The fellows are immersed in discourse around what constitutes policy, what kinds there are, and effective ways policy can be changed. Regis Pecos, codirector of the LI, has shared his knowledge and incorporated “The 100 Years of Federal Indian Policy” in his teaching. This history has provided the backbone for the program, with such topics as the Pueblo Revolt, treaty making, Indian removal, the Reservation Period, Indian Reorganization, and self-determination.

 

Although it is initially not a welcoming history for young student fellows to be introduced to, Pecos focuses on the strengths of the surviving communities. Even though federal and state agencies have made great efforts to eliminate Native peoples, the fact that Native communities still exist and thrive reflects their fortitude. Throughout Pecos’ presentations, he emphasizes Native people’s history of cultivating young tribal leaders, such as the fellows. This reinforces the necessity for well-informed tribal youth and their potential for contributing to their communities.

 

For Native people, leadership is pivotal to their community’s survival. The New Mexico pueblos rely on their governmental administrations, along with traditional leadership, to maintain a balance between external political factors and the need to preserve the cultures passed down from their ancestors since time immemorial.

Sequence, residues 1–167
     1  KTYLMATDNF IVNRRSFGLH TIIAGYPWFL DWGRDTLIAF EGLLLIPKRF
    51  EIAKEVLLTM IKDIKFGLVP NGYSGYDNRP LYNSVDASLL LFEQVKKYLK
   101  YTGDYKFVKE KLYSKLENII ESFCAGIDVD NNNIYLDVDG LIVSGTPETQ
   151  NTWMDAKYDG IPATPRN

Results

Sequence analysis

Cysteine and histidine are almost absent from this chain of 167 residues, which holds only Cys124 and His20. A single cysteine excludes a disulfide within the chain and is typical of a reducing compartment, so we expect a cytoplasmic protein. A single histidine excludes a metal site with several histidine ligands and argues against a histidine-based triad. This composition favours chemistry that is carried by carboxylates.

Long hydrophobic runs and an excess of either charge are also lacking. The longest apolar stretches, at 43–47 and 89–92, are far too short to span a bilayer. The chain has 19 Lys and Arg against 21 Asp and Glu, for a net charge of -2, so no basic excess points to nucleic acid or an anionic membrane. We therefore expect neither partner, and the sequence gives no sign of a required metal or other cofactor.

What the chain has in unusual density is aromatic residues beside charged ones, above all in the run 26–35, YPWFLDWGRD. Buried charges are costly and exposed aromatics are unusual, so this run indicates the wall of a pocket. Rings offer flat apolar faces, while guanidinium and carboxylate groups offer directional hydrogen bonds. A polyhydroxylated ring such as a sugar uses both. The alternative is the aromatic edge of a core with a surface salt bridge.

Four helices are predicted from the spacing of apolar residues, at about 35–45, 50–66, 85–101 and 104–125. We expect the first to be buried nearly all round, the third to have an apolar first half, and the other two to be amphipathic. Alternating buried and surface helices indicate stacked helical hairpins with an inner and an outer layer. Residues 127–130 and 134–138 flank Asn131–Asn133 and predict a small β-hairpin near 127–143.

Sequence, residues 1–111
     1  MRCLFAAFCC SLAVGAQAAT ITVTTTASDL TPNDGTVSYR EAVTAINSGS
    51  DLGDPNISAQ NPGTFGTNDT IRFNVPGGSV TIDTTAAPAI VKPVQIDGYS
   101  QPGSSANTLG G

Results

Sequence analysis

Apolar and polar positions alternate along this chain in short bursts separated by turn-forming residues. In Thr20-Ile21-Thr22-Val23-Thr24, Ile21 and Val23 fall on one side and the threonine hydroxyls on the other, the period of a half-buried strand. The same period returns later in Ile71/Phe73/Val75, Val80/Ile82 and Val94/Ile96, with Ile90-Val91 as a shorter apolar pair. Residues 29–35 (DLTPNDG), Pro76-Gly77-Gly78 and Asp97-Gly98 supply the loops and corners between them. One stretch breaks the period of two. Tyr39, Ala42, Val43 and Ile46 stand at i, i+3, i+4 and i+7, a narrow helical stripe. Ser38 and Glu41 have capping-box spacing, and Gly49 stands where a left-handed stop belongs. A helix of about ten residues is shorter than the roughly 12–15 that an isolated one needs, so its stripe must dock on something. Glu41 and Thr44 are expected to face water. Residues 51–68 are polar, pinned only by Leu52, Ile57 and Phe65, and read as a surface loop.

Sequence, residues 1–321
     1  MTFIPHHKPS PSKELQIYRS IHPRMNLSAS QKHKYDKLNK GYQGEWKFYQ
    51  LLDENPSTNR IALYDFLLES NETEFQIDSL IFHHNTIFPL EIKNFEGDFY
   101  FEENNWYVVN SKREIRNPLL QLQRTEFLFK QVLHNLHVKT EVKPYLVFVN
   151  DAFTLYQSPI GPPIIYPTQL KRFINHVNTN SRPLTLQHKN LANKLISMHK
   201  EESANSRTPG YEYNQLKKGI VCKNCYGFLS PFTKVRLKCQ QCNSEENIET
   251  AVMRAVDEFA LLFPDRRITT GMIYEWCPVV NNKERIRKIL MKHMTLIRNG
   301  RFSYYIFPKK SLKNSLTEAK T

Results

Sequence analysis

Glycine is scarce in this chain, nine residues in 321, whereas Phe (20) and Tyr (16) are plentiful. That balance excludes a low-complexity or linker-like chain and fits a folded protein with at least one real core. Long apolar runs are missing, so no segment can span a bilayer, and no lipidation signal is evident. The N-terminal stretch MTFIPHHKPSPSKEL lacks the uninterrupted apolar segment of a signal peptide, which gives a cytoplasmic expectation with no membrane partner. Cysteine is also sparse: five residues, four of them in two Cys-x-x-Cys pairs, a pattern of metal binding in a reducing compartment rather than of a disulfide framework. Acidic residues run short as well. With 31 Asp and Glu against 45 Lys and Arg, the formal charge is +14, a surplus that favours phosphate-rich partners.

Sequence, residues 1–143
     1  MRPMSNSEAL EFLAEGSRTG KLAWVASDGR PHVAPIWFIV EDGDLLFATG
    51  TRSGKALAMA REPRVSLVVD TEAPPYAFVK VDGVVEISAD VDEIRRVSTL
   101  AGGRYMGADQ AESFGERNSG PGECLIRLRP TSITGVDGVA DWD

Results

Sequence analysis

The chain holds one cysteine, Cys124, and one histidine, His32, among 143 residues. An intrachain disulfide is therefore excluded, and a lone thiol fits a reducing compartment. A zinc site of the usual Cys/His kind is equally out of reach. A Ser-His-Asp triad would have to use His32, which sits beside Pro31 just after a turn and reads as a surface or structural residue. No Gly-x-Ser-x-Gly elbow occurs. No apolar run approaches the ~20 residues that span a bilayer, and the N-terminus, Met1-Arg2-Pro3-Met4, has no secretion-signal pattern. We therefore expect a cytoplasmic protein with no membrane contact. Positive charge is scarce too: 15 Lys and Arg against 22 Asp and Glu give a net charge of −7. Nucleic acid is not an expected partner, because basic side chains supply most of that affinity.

At the end of the SPA program, each student works on a community-based project that allows him or her to put newly found knowledge into practice. Students have worked on creating programs, researching Native history, building parks and bridging gaps in their communities. Each fellow chooses a challenge within his or her community and creates a project to raise awareness or help fix issues such as language loss, drug abuse, water and land issues, just to name just a few.

 

Caitlyn Tafoya, who currently lives in Albuquerque, wanted to learn more about her language and her community, so she lived with her family in Taos, made a video of her experiences and presented it to an audience of more than 300 community members. Tafoya describes the project as “one of the most intense two weeks… I learned a lot about my community and also myself. It was fun and definitely one of my best experiences.”

 

With the completion of the student fellows’ projects, the students received certificates and a gift of a laptop for their dedication. It was another successful year for the SPA. The graduating students now move on to SPA II, where they will travel to Washington, D.C., to propose bills to U.S. senators. Having graduated more than 200 fellows, the SPA is approaching its 10-year anniversary. Through its longevity, the SPA and the LI have demonstrated their importance to the Native communities of New Mexico.

 

 

Christian White is currently an intern at the Leadership Institute at SFIS. He graduated from Columbia University this spring with a double major in political science and in race and ethnic studies. White cofounded a nonprofit organization called AlterNATIVE Education and is active in social-justice issues. He will be attending UNM in the fall to pursue his master’s degree.